HEARTING new details have emerged after a 5-year-old boy tragically died after being left by his mother in a sweltering car for hours.
Trace Means was pronounced dead after his mother Amanda, 36, left him in a car to endure the Texas heat for two to three hours on Monday.
In family photos, father Steve, 48, mourns the tragic death of his son but does not call on the mother to face charges in the case the Harris County Sheriff’s Office is still investigating.
“He’s in tears, he’s beside himself, but the last thing he wants is for Amanda to be criminally punished,” said the father’s attorney, Gary Block.
“She’s going through enough already.”
The two were going through a divorce and Steve was on a plane to Florida for a business trip at the time of Trace’s death, DailyMail reported.
Amanda would have thought Trace had unbuckled when she went inside to prepare for her 8-year-old daughter’s birthday party.
The boy knew how to get out, but the family was using a loaner Porsche, which Harris County police in Texas believe the child may not have known how to get out of.
The mother wouldn’t have realized where he was until she called his name, two to three hours after he got home.
Detectives believe Amanda only forgot the child and has not faced any charges in the ongoing investigation.
“He knows she’s their mother no matter what happened and nothing was done on purpose,” Block said on Steve’s behalf.
“All he wants to do now is make sure his daughter is okay and everyone can start healing.”
The family called 911 around 2 p.m. Monday, but the young boy was pronounced dead at the scene.
The cause of death has not been determined, but police say it was likely heatstroke as temperatures were well over 100 degrees in Austin.
Steve filed for divorce in January after a decade of marriage, and the two were separated at the time of the tragic incident.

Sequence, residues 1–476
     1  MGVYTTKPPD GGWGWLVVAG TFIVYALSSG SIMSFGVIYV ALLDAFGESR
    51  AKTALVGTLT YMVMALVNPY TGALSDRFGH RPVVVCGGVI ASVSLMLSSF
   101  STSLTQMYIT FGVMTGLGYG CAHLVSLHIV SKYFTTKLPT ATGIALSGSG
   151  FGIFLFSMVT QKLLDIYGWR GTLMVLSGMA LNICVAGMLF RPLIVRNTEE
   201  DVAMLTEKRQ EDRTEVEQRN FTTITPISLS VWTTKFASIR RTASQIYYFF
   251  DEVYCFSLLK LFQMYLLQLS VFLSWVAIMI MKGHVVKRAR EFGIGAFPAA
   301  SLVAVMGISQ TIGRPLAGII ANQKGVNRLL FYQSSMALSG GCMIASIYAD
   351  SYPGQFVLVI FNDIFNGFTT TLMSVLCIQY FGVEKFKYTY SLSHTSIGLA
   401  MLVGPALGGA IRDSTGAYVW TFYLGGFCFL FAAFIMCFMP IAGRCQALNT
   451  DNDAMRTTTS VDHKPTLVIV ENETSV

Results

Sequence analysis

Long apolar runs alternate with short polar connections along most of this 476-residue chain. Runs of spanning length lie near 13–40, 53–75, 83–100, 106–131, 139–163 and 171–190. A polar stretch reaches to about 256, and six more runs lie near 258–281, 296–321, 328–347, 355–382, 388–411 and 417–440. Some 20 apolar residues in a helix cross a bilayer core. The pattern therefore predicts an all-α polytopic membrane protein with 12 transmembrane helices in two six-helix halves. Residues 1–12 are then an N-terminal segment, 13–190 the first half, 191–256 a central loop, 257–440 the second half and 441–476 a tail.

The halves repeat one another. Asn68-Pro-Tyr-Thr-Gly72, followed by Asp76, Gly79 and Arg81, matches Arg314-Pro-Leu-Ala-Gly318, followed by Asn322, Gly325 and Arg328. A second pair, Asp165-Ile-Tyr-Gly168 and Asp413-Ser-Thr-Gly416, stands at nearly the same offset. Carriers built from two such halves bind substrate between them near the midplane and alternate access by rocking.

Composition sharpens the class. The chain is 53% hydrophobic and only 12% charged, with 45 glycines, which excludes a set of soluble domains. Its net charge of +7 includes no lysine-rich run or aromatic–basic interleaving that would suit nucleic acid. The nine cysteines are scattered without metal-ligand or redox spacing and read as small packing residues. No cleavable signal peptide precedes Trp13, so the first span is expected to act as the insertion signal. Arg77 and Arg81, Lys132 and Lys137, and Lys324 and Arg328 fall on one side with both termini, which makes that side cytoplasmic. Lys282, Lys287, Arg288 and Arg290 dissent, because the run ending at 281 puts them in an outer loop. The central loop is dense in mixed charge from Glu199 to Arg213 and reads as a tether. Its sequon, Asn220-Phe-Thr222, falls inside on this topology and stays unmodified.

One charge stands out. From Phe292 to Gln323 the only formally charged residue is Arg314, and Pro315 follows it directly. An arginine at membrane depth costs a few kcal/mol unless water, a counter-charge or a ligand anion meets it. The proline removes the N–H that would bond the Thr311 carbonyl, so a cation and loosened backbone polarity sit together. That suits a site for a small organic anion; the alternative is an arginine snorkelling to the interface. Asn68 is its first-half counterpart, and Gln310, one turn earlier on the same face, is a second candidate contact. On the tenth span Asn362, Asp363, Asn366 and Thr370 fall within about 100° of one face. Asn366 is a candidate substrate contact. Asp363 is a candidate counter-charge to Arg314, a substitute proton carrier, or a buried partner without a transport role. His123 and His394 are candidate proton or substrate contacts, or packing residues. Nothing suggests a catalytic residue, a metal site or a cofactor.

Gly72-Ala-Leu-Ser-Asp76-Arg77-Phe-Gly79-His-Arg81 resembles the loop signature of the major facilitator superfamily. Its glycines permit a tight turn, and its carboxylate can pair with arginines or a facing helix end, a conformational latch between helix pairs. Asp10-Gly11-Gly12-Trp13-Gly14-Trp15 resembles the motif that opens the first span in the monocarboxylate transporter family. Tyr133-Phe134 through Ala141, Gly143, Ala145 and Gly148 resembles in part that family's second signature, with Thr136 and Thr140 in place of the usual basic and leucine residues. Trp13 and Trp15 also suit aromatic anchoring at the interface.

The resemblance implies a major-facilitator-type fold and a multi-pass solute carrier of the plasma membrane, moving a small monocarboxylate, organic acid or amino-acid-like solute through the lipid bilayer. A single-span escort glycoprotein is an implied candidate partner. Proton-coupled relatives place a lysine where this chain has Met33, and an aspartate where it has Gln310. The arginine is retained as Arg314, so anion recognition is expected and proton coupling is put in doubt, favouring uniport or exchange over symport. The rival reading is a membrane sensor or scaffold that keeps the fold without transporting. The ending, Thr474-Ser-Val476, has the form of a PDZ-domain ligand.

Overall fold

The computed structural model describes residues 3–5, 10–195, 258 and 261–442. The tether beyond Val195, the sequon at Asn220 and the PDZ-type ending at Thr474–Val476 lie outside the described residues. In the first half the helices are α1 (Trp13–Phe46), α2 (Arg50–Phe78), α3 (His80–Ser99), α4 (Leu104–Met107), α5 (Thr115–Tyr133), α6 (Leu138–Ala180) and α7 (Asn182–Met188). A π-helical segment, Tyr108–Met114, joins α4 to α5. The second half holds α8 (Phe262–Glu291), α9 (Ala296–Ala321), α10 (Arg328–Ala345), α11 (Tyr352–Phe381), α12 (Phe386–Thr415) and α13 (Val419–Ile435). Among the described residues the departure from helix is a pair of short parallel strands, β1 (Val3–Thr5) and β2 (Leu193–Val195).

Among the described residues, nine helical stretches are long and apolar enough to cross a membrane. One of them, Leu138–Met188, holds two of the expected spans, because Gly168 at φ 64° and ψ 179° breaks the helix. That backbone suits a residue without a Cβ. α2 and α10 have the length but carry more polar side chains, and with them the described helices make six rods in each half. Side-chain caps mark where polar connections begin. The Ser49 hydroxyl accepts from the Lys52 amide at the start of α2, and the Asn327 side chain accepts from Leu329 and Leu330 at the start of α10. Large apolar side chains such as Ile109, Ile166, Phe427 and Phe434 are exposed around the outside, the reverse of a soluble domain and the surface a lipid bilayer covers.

However, Block said the nature of their divorce was not outrageous and the two fell in love.
“There were never any allegations that Amanda was an unfit mother or that there was abuse, nothing like that,” Block told the Mail.
Steve had just landed in Florida for a business trip when he learned of his son’s death.
“At first, he thought she was joking or being sarcastic,” Block said.
“It took a while to figure out it was real.
It comes as record heat could hit the southern and central United States this week, with temperatures expected to reach over 100 degrees and 10 to 25 degrees above average, according to Weather.com.
Severe weather, consisting mostly of heavy rain, is expected to hit the central United States today, and the mid-Atlantic and northeast tomorrow, he added.
According to the National Traffic Safety Administration, more than 900 children have died of heatstroke since 1998 because they were left or trapped in cars.
Twenty-one children died of vehicular heat stroke last year.
A child’s body temperature, which rises three to five times faster than that of adults, can become fatal if it reaches 107 degrees.
Heat stroke can start at 104 degrees.
That investigation is ongoing, Harris County officials said.